When I realized that I am intersex, I started communicating through the Internet with foreign intersex activists. And I found out that there exist different groups and organizations of intersex people and that these groups dedicate themselves to educating people about intersex issues. By contrast, everything is very sad in Ukraine. For instance, some TV channels broadcast talk shows with intersex people. The way these people were treated, the way they were talked about and the comments people left under this video on the Internet – it was horrible. But all these things that I had seen and heard, they made me think that someone has to explain to the general public who intersex people are. Maybe I will be the first but there has to be some who will explain that you don’t have to treat an intersex person like an exotic animal. Those talk shows reminded me of kunstkameras, as intersex people used to be exhibited in these places as something peculiar. Generally speaking, communication with activists from the USA, Australia, and Europe made me realize my desire to do something and to stop sitting on my hands.

This desire to change something was sparked by the understanding that I am alone and that firstly I have to overcome my own fears. Soon, however, I understood that I am not alone and that there are many people who are like me. Despite that, still, there is nobody who wishes to help me with my ideas. I have searched for the allies everywhere. I was rejected by transgender people because I am not transgender. I was rejected by genderqueers. So I started looking for other intersex people. Thanks to a few forums, I realized that there are intersex people, but they are hiding. They often hide behind other labels and identities, it happens because of a lack of knowledge of who intersex people are. They also want to be a part of a certain community and not to be isolated. This is why I want so much to educate Ukrainian society about intersex people, so they will not be alone and they will know that they are equal.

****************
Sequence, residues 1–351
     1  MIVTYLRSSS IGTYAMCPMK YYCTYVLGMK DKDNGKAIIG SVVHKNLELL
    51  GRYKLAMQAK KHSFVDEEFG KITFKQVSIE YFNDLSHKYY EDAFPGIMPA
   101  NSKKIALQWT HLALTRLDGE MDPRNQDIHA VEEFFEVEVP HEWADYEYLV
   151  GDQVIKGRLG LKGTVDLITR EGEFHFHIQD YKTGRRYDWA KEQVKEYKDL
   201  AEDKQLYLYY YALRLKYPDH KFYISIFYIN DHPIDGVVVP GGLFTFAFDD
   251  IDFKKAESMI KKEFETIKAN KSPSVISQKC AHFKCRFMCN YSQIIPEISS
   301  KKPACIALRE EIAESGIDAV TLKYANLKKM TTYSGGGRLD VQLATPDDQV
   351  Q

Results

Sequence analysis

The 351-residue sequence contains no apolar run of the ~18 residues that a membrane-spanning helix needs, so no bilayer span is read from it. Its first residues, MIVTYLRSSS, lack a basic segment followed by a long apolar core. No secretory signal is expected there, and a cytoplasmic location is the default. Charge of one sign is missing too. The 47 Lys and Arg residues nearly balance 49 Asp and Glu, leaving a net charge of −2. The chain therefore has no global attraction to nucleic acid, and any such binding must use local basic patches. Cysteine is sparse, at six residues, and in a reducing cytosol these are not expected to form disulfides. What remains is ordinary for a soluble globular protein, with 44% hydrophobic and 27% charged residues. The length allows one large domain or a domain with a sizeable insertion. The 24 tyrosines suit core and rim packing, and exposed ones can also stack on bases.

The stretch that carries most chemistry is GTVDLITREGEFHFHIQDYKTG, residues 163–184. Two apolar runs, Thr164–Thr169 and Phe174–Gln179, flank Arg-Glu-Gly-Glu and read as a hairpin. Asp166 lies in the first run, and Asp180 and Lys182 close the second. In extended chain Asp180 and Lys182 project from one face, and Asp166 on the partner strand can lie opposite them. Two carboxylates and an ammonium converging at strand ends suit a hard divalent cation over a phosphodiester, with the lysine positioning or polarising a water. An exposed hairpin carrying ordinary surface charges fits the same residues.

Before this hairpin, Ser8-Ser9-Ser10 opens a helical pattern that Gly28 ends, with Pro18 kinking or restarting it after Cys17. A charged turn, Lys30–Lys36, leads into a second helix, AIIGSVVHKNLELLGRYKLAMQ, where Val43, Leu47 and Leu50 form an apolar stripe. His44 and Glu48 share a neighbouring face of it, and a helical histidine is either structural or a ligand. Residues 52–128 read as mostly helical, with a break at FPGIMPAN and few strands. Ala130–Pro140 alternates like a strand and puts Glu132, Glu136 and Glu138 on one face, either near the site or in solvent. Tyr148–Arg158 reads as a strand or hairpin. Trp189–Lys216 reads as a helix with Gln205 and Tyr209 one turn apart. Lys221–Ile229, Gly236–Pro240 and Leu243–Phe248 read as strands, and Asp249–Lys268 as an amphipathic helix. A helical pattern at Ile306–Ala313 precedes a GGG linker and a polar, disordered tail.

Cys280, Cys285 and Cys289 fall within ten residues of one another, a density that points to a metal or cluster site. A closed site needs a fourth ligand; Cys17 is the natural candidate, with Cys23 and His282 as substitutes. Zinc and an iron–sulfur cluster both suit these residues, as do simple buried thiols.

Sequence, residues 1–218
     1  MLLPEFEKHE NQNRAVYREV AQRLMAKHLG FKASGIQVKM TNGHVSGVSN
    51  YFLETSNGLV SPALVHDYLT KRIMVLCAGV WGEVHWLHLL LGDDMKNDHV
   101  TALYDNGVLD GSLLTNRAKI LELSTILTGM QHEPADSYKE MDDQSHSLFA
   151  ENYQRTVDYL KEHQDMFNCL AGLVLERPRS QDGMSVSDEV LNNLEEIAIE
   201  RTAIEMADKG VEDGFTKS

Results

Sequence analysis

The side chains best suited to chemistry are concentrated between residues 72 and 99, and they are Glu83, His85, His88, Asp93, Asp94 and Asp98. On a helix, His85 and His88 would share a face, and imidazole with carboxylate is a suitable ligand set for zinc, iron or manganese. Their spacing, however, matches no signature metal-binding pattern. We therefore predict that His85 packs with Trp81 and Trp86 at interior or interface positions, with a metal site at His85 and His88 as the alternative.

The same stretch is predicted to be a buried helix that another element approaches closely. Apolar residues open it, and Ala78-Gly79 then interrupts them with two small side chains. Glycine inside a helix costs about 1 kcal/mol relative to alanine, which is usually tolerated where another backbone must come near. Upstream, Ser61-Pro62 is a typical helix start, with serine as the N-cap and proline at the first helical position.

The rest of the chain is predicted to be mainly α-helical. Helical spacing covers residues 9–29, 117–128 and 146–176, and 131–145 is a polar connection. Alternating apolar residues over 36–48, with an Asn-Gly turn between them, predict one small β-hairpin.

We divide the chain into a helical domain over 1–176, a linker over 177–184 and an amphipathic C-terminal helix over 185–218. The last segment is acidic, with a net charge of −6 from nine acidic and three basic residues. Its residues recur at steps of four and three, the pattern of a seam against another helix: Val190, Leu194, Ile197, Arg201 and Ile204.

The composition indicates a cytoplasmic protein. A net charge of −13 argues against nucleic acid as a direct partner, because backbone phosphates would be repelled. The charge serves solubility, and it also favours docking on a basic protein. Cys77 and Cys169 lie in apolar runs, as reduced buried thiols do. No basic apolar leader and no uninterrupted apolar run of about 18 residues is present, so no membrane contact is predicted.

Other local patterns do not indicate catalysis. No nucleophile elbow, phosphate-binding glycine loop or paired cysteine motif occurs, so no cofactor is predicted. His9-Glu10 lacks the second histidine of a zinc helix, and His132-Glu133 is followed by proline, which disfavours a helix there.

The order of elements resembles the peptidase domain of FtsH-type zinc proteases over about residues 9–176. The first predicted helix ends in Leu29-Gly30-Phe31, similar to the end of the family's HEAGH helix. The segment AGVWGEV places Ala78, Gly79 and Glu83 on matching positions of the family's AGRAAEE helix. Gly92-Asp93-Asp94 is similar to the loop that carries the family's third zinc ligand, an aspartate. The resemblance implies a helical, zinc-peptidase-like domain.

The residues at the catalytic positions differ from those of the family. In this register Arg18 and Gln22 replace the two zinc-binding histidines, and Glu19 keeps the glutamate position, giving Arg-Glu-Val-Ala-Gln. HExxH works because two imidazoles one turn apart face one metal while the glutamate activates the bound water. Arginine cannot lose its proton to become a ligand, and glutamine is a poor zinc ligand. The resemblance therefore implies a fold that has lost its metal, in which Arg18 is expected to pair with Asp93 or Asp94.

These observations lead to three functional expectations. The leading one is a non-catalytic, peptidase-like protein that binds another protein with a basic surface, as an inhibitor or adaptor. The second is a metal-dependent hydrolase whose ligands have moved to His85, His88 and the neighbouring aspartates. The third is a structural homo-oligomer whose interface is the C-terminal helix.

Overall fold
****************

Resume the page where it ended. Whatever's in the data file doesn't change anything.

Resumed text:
You’ve said that many intersex people in Ukraine are afraid of being recognized as such in public. How did you stop being afraid and how did you decide to speak up?

I realized that I am tired. Doctors undress you, touch your body, show you to their students and the students also touch you; doctors take pictures of you because you are “unusual”… When it happens for the first time, it is frightening, distressing, and painful. But when it happens again and again, then you simply stop feeling anything about this at a certain point. Basically, the same thing happened to my feelings towards people’s reactions to me on the street. Certainly, it is unpleasant even now when people look at me with astonishment. Though now I started to spot people who look at me with a certain interest: they do not have any astonishment or condemnation in their eyes.